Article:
The organizational alternatives have also been described in terms of the percentage of the organizational personnel who are full-time members of the project team (25). In this manner, the various organizational structures can be described as a continuum where the three organizational forms (functional, project, and matrix) are a continuum ranging from functional on one end and pure project on the other (figure 3, chapter 4). In a functional organization, there is no one on the project team, and in a pure project organization, essentially everybody is on the project team. The matrix falls in between, and includes a variety of organizational alternatives ranging from a weak to a strong matrix. A weak matrix is described as having only a part-time coordinator whereas a strong matrix has a project office containing such project functions as systems engineering, cost analysis, scheduling, and planning.


The matrix organizational structure has had a great influence on project management. The matrix evolved to fill a need for an organization capable of dealing with great project size and complexity. The result was increased organizational complexity. However, it has greatly added to the versatility and effectiveness of project management. The matrix has permitted project management to be effective not only for very large projects but small projects as well, and has been extremely valuable for solving multidisciplinary problems.

The matrix organizational form is only desirable if there is a real need for its added complexity. Not only is it not for everyone, but it cannot be guaranteed to work. It will only work if the entire organization, from top management to the project personnel, are thoroughly “sold” on the matrix concept. There are many reasons why the matrix will not work, but failure to lay the groundwork and fully prepare the organization is the principle reason for failure. The matrix will function and result in very improved project productivity if top management gives its unwavering support and if functional management and the project personnel accept the matrix as a “way of life” which can only be of great advantage to the company in improving output and profit.


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2. Blake, Stewart P., Managing for Responsive Research and Development. San Francisco: W. H. Freeman and Co., 1978, p. 176.

3. Caspe, Marc S., “An Overview of Project Management and Project Management Services,” Project Management Quarterly VII: 4, December 1976, pp. 30-39.

4. Cleland, David I. and William R. King, Systems, Organizations, Analysis, Management: A Book of Readings. New York: McGraw-Hill Book Company, 1969, pp. 281-290.

5. Cleland. David I. and William R. King, Management: A Systems Approach. New York: McGraw-Hill Book Company, 1972, pp. 337- 362.

6. Cleland, David I. and William R. King, Systems Analysis and Project Management, Second Edition. New York: McGraw-Hill Book Company, 1975, pp. 183-202.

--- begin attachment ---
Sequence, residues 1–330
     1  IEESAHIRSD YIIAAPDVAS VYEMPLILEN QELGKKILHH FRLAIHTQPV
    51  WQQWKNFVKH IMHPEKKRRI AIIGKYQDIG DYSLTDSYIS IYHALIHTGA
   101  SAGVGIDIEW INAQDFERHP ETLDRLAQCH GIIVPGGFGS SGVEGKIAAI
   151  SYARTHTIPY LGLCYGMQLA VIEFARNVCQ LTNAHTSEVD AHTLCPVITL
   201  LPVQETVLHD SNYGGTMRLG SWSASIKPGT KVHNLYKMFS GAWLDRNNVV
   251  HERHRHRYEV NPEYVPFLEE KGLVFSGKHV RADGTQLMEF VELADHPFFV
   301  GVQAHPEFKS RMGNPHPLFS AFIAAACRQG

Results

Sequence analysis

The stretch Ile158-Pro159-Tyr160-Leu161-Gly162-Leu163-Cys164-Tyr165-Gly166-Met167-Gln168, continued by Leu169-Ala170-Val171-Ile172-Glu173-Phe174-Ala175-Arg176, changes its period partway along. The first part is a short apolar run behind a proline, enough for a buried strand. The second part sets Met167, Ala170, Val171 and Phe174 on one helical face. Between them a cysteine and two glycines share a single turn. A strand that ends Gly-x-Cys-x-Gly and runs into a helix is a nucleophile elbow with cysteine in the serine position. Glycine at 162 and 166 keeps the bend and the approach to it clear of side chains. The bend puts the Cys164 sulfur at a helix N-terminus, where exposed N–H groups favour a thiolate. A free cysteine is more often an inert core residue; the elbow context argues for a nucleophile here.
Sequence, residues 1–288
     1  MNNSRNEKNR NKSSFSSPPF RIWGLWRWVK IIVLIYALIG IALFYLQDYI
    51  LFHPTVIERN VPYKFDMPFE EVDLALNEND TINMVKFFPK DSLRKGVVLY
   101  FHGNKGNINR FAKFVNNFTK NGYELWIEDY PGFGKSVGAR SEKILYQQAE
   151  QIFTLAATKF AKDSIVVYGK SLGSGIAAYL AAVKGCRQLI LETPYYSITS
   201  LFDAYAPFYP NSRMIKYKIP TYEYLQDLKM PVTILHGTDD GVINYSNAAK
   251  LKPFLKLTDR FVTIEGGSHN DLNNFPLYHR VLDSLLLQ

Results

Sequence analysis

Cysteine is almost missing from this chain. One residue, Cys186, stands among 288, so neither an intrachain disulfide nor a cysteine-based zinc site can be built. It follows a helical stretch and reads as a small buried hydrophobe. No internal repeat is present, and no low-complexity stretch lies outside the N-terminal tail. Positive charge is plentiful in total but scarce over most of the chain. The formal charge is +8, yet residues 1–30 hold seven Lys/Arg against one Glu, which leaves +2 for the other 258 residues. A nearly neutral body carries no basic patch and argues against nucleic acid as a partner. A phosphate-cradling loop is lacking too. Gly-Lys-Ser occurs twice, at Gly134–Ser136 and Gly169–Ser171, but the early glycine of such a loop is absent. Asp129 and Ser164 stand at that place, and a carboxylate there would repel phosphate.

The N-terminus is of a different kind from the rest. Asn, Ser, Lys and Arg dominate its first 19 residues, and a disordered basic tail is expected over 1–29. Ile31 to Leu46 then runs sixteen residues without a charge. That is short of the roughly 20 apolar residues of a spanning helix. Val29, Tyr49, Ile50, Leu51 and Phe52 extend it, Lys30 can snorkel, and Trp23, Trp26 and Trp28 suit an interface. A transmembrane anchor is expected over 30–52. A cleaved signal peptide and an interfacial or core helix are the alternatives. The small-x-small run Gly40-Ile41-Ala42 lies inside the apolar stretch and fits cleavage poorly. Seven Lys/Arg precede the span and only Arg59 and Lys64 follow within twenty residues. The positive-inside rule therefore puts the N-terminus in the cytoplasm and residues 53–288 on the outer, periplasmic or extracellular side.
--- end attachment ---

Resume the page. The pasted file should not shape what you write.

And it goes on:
7. Cleland. David I. and William R. King, Systems Analysis, p. 237.

8. Cleland, David I., “Understanding Project Authority,” Business Horizons Spring 1966, p. 231.

9. Davis, Stanley M. “Two Models of Organization: Unity of Command versus Balance of Power,” Sloan Management Review Fall 1974, pp. 29-40.

10. Davis, Stanley M. and Paul R. Lawrence, Matrix. Reading, Mass.: Addison-Wesley Publishing Company, 1977, p. 3.

11. Davis, Stanley M. and Paul R. Lawrence, Matrix, pp. 129-144.

12. Davis, Stanley M. and Paul R. Lawrence, Matrix, pp. 155-192.

13. Galbraith, Jay R., “Matrix Organization Designs,” Business Horizons February 1971, pp. 29-40.

14. Galbraith, Jay R., ed., Matrix Organizations: Organization Design for High Technology. Cambridge, Mass.: MIT Press, 1971.

15. Galbraith, Jay R., Designing Complex Organizations. Reading, Mass.: Addison-Wesley Publishing Company, 1974.

16. Galbraith, Jay R., Organizational Design. Reading, Mass.: Addison-Wesley Publishing Company, 1977, p. 167.

17. Galbraith, Jay R., Organizational Design, p. 171.

18. Grinnell, Sherman K. and Howard P. Apple, “When Two Bosses Are Better Than One,” Machine Design January 9, 1975, pp. 84-87.

19. Mee, John F., “Ideational Items: Matrix Organization,” Business Horizons Summer 1964, pp. 70-72. (Reprinted in Cleland and King, Systems, Organizations, Analysis, Management: A Book of Readings, pp. 23-25.)

20. Melcher, R., “Roles and Relationships: Clarifying the Manager’s Job,” Personnel May-June 1967. (Reprinted in Caspe, “An Overview of Project Management and Project Management Services,” pp. 365-371.)

21. Miller, J. Wade, Jr. and Robert J. Wolf, “The 'Micro-Company,’ " Personnel July—August 1968, pp. 35-42.

22. Middleton, C. J., “How to Set Up a Project Organization,” Harvard Business Review March-April 1967, pp. 73-82.

23. Sayles, Leonard R., “Matrix Management: The Structure with a Future,” Organizational Dynamics Autumn 1976, pp. 2-17.

24. Tytler, Kathryn, “Making Matrix Management Work — And When And Why It’s Worth The Effort.” Training October 1975, pp. 78-82.

25. Youker, Robert B., “Organizational Alternatives for Project Management,” Project Management Quarterly VII1: 1, March 1977, pp. 18-24. (Reprinted in Management Review, November 1967, pp. 46-52.)